Understanding the evolving risks of cyberespionage

The Fourth Industrial Revolution, defined by the convergence of emergent technologies that blur the lines of the physical, digital, and biological spheres, comes with its own challenges. Cyberespionage is one of them.

As the world becomes more interconnected, it is important to be aware of how different nation-state actors can utilize this connectivity to advance various geopolitical agendas. In its recently concluded ESET World 2021 web forum, security solutions firm ESET discussed how cyberespionage has been evolving through the years and targeting the African region in three distinct campaigns that occurred in the past year.

The first case involves the cybercrime group Lazarus. ESET researchers have discovered a previously undocumented Lazarus backdoor, which they have dubbed Vyveva, being used to attack a freight logistics company in South Africa.

The backdoor consists of multiple components and communicates with its C&C server via the Tor network. ESET researchers have found its installer, loader and main payload – a backdoor with a TorSocket DLL. The previously unknown attack was discovered in June 2020.

“Although Vyveva has been used since at least December 2018, its initial compromise vector is still unknown. Our telemetry data suggests targeted deployment as we found only two victim machines, both of which are servers owned by a freight logistics company located in South Africa. The backdoor features capabilities for file exfiltration, timestomping, gathering information about the victim computer and its drives, and other common backdoor functionality such as running arbitrary code specified by the malware’s operators. This indicates that the intent of the operation is most likely espionage,” ESET explained.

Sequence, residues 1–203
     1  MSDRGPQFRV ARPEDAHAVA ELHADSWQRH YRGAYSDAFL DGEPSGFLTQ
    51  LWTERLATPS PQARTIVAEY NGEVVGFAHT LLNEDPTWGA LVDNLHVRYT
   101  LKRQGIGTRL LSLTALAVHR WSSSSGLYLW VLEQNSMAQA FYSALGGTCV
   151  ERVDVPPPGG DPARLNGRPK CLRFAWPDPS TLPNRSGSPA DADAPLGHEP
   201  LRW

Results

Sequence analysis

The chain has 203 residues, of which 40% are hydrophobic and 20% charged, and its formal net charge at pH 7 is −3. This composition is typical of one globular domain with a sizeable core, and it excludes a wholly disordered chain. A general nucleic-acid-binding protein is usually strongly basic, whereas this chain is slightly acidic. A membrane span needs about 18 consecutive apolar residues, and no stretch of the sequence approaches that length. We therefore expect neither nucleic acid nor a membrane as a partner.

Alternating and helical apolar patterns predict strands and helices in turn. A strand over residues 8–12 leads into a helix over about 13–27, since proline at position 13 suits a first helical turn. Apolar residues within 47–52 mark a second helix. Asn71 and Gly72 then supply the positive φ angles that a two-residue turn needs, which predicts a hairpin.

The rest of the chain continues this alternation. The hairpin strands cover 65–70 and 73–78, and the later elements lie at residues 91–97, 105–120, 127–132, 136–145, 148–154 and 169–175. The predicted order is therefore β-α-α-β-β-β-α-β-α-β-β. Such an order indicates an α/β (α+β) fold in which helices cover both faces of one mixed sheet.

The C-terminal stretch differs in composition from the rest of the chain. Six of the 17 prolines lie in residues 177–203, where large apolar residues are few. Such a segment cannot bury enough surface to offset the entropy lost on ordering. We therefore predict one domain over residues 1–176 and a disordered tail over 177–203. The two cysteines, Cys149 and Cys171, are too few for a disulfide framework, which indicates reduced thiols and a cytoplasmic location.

The backdoor, Vyveva’s main component, connects to C&C servers and executes commands issued by the threat actors. It features 23 commands, some of which are asynchronous and executed in their own threads. Most of them are ordinary commands for file and process operations or information gathering, but there is also a less common command for file timestomping. It can copy creation/write/access time metadata from a “donor” file to a destination file or use a random date in the years 2000—2004.

“We see that the Lazarus Group evolves. It will target new people and will also use new tools. Usually the transportation vertical is not a sector that the group operates widely in. In this case, we saw a shift from their normal operations,” said Jean-Ian Boutin, head of threat research, ESET Canada Recherche.

The second case, involving the group TA410 which operates by utilizing LookBack and FlowCloud backdoors, targeted a diplomatic organization in West Africa.

“We’ve seen the infections sector going from spearphishing to targeting web-facing servers. State actors will always go for the weakest links of an organization. We’ve also seen a shift of vertical, going from the utilities sector to the diplomatic sector,” Mr. Boutin said.